What should I do for my child who has an IEP but still has trouble with handwriting, taking notes, and writing at an appropriate speed?
The following articles describe some typical characteristics of students who struggle with the physical act of writing:
- Helping Students Who Struggle to Write
- Understanding Why Students Avoid Writing
- What Is Dysgraphia?
- Strategies for Dealing with Dysgraphia
- Understanding Processing Deficits
- Dysgraphia Accommodations and Modifications
- Assistive Technologies for Dysgraphia
If you see some of your child’s struggles described in these articles, you may want to call an IEP meeting to share your concerns. At this time, you and the other members of the IEP team can discuss whether the goals, objectives, accommodations, modifications, and types and level of services your child is receiving are meeting his needs in the area of writing. This would also be a good time to discuss whether your child’s writing challenges are most likely related to the disability label under which he has an IEP or if further evaluation is warranted to get a clearer picture of why writing is such a struggle for him.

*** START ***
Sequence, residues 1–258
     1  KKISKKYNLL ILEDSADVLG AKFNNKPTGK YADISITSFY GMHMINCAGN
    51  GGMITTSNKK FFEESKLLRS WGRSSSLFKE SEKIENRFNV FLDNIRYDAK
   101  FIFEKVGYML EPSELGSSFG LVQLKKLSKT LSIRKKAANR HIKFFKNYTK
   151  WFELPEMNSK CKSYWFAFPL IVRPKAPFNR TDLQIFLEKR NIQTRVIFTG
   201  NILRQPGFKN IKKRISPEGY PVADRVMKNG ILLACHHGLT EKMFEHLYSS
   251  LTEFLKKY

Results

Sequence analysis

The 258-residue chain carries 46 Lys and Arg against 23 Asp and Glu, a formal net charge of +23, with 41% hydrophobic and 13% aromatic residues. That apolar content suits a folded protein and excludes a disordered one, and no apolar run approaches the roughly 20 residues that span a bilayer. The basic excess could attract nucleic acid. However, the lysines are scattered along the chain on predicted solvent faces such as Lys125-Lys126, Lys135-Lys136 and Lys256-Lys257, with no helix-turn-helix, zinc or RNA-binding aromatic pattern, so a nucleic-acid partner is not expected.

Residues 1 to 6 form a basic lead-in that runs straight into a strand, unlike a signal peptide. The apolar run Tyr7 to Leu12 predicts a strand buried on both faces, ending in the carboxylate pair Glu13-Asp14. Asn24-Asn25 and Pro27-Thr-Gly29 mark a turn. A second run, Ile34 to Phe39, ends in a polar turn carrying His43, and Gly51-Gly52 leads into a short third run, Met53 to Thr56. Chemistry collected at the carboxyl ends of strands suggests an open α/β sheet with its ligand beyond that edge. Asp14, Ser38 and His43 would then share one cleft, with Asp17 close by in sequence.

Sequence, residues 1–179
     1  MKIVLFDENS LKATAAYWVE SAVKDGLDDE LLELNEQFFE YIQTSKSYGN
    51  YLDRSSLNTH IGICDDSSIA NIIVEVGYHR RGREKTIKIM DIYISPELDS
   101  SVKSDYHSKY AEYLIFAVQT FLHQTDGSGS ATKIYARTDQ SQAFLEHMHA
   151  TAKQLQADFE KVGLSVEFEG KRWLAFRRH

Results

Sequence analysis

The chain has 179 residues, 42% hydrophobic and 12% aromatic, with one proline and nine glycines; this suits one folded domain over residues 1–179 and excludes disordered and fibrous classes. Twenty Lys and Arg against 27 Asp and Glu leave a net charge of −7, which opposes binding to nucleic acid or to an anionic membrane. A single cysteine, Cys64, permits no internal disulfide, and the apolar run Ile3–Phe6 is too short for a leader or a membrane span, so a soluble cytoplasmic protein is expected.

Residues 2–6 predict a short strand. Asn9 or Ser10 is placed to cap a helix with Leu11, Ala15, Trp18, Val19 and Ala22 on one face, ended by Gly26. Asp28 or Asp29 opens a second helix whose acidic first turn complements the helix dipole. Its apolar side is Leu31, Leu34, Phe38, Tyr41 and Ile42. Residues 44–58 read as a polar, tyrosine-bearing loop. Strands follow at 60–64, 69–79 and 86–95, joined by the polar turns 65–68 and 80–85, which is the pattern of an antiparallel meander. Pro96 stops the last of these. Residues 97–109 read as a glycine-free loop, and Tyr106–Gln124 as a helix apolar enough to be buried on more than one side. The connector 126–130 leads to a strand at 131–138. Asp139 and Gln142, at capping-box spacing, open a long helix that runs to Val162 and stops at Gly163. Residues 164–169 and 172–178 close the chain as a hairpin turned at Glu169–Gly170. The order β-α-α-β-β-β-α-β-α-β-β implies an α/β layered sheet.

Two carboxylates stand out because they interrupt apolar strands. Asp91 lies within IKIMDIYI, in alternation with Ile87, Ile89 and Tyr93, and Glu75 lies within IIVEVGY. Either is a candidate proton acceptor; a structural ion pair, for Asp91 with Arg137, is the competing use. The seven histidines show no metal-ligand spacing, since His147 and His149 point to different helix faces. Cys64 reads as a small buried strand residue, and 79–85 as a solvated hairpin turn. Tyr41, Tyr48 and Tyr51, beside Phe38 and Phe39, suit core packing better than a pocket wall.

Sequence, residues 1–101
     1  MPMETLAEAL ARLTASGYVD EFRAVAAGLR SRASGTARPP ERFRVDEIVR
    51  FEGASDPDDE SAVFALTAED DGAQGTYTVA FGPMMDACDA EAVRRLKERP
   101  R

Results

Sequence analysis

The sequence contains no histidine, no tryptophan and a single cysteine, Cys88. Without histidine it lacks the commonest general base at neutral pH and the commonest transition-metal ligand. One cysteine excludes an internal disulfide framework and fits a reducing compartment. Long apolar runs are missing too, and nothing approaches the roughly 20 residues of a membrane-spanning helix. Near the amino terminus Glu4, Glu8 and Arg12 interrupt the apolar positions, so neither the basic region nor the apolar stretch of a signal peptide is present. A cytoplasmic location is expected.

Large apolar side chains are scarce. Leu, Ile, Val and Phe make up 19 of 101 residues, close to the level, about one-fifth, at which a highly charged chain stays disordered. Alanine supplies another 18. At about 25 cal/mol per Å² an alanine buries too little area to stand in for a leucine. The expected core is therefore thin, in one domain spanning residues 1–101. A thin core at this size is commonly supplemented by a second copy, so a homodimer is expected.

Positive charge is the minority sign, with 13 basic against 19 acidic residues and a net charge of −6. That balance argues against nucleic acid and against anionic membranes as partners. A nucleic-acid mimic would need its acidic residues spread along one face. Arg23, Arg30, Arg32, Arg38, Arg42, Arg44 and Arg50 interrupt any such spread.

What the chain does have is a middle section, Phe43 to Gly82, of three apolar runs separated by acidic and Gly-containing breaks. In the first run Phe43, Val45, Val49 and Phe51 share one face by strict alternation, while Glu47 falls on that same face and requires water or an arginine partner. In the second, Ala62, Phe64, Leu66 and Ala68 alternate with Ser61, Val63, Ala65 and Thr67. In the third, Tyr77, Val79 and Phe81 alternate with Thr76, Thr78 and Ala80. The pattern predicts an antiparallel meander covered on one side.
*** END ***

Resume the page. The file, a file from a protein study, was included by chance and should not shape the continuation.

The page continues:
Regardless of the cause of your child’s writing difficulties, he may experience greater success, confidence, stamina, and productivity by using a computer, software that aids in the writing process, and other relevant assistive technology. You and the rest of the IEP team should discuss the possibility of incorporating keyboarding skills and technological tools in your child’s IEP as goals, objectives, and accommodations in his everyday academic experience.
The sooner your child’s writing challenges can be systematically addressed, the more likely he will be to reach his true potential in writing.